Ahmed Kousay al-Taie
|Ahmed Kousay Altaie|
22 July 1965|
|Died||2008 (aged 42–43)
|Allegiance||United States of America|
|Service/branch||United States Army|
|Years of service||2004–2008|
|Rank||Staff Sergeant (promoted in absentia)|
|Unit||Provincial Reconstruction Team Baghdad|
Early life and education
Altaie was born in Iraq on 22 July 1965, to Kousay and Nawal Altaie. At the age of nine, he emigrated with his family from Iraq to the United Kingdom. He was of mixed Sunni and Shia parentage.
Altaie enlisted in the United States Army Reserve in December 2004. He was mobilized in August 2005 and deployed to Iraq in November 2005. During his tenure in the United States Army, Altaie served as a linguist.
Prisoner of war
On 23 October 2006, Altaie left his military base in Iraq without authorization or the knowledge of his superiors. It is believed that he was in the Karrada neighborhood in central Baghdad, Iraq to visit the family of his second wife, Israa Abdul-Satar, a student at al-Mustansiriya University. He was captured by armed men and forced into a waiting vehicle outside.
On 2 November 2006, a ransom demand for Altaie was relayed to his uncle Entifadh Qanbar, a former spokesman for the Iraqi National Congress and recently an official in the Iraqi Ministry of Defense. Qanbar made contact with an intermediary trusted by the kidnappers. In a secret location in Baghdad, the mediator met with members of the group who showed Qanbar a grainy video on a cell phone screen of a man they claimed was Altaie, beaten up and bloody, and demanded $250,000 from the soldier's family to secure his release.
Qanbar stated that he wouldn't talk about a price until he had seen for himself some proof that Altaie was still breathing. Qanbar suggested they have his nephew describe the inside of his home in Ann Arbor or that the kidnappers photograph the soldier holding a current newspaper by 4 November 2006 at 12:00pm.
The U.S. government said on 11 November 2006 that it was offering a US $50,000 reward for information leading to the recovery of Altaie's body.
On 14 February 2007, a proof of life video of Altaie was posted on a militant Shiite website. A previously unknown group called the "Ahel al-Beit Brigades" claimed responsibility for Altaie's abduction. The eight second video showed Altaie reading from a paper but no audio was heard. He appeared thin but in good health. His uncle identified him as the man in the video.
On 26 February 2012, U.S. military officers knocked on the door of the family home in Ann Arbor, Michigan, with news that Army Staff Sgt. Ahmed Altaie was confirmed dead. The remains of Altaie were turned over as part of an amnesty exchange agreement between the Iraqi government and the militant group Asaib Ahl al-Haq. Altaie's family believes he was killed at the end of 2008.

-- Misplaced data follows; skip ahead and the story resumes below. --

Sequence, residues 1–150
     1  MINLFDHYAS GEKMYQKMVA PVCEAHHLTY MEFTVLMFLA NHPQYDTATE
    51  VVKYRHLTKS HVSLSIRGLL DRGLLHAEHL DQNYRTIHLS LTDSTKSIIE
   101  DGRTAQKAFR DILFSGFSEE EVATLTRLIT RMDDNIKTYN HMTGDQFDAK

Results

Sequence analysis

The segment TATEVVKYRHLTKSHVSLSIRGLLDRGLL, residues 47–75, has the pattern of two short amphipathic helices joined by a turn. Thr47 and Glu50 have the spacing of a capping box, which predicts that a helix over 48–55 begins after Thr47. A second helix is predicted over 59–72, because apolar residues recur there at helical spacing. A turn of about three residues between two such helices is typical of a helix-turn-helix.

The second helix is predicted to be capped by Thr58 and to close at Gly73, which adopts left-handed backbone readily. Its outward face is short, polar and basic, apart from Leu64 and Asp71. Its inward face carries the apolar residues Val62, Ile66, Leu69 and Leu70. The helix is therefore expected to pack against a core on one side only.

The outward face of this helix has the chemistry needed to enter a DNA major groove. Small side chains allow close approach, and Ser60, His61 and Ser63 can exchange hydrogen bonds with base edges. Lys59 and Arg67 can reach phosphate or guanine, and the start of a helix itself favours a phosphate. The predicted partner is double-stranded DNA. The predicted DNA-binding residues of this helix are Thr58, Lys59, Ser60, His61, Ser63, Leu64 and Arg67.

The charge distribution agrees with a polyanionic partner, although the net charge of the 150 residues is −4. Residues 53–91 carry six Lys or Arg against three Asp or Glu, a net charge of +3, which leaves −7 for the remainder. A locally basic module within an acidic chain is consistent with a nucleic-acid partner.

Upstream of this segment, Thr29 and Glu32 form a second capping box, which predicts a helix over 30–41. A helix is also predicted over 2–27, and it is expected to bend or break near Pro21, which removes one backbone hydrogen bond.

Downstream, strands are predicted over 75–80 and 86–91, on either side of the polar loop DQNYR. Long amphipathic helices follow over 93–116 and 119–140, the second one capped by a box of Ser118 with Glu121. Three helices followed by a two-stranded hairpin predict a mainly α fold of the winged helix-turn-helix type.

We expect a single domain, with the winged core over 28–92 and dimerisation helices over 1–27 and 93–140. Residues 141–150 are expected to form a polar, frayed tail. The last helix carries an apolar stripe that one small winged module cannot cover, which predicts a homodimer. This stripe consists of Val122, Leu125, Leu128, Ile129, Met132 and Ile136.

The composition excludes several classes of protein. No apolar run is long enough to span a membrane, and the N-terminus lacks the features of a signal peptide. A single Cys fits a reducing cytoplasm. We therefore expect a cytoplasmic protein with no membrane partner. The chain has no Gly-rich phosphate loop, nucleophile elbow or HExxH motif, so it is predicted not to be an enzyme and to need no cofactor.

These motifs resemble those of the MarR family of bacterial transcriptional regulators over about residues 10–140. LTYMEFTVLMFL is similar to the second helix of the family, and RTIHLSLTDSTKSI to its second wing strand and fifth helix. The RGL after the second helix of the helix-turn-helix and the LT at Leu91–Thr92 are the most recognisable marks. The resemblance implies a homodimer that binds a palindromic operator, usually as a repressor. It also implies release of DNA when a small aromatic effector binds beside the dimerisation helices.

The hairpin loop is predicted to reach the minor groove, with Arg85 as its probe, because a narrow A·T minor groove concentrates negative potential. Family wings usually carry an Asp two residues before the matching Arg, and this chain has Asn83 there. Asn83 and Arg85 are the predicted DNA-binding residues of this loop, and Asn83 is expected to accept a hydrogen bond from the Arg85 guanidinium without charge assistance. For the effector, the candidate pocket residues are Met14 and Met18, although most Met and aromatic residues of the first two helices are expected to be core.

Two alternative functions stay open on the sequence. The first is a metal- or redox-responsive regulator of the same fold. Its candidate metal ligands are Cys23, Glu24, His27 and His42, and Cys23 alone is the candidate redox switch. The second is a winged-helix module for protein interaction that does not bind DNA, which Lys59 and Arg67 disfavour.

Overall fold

- Wassef Ali Hassoun – A U.S. Marine who claimed to be captured by Iraqi insurgents; later discovered to be a hoax
- American POWs in the 2003 invasion of Iraq
- 2004 Iraq KBR convoy ambush – Capture and execution of Keith Matthew Maupin, a U.S. Army soldier
- June 2006 abduction of U.S. soldiers in Iraq – Capture and execution of Kristian Menchaca and Thomas L. Tucker, two U.S. Army soldiers
- Karbala provincial headquarters raid – Capture and execution of Brian Freeman, Jacob Fritz, Jonathan Chism and Shawn Falter, four U.S. Army soldiers
- May 2007 abduction of U.S. soldiers in Iraq – Capture and execution of Alex Ramon Jimenez, Joseph John Anzack and Byron Wayne Fouty, three U.S. Army soldiers
- "Most Popular E-mail Newsletter". USA Today. 27 February 2012.
- "Shiite extremist group returns remains of last US soldier missing in Iraq". Fox News. 27 February 2012.
- "Now we know who kidnapped Staff Sgt. Ahmed al-Taie in Iraq in 2006". The Oregonian. 27 February 2012.
- Von Zielbauer, Paul (3 November 2006). "Father of Missing U.S. Soldier Says Son Just Made a Mistake in Quest to Find His Calling". The New York Times. Retrieved 26 March 2015.
- Ryan, John, "Search for Iraq-born soldier still ongoing", Military Times, 27 December 2011.
- Arwa Damon; Yousif Bassel; Jomana Karadsheh; Mohammed Tawfeeq (14 February 2007). "Uncle: Abducted U.S. soldier appears in video". CNN. Retrieved 24 December 2012.
- Allam, Hannah. "U.S. military receives remains of last soldier missing in Iraq – World Wires". MiamiHerald.com. Retrieved 14 August 2012.
- Army IDs remains of last missing U.S. soldier in Iraq
- "Michigan burial for last U.S. soldier missing in Iraq". Reuters. 27 February 2012.
- Phillips, Michael M., "Last Missing Soldier In Iraq: Family Finally Learns Fate", Wall Street Journal, 27 February 2012, p. 1.
- "Hunting for Our MIAs". Time. 27 January 2012.
- "Archived copy". Archived from the original on 16 January 2014. Retrieved 2014-01-16.
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- Search goes on for missing Americans in Iraq[dead link]
- A Ransom Demand for the Missing U.S. Soldier
- Parents call missing U.S. soldier 'man of peace'
- Report: Abducted GI had married Iraqi woman
- Report: Missing soldier married Iraqi[dead link]
- Iraqi prime minister gives U.S. envoy an earful in private talks
- US names kidnapped soldier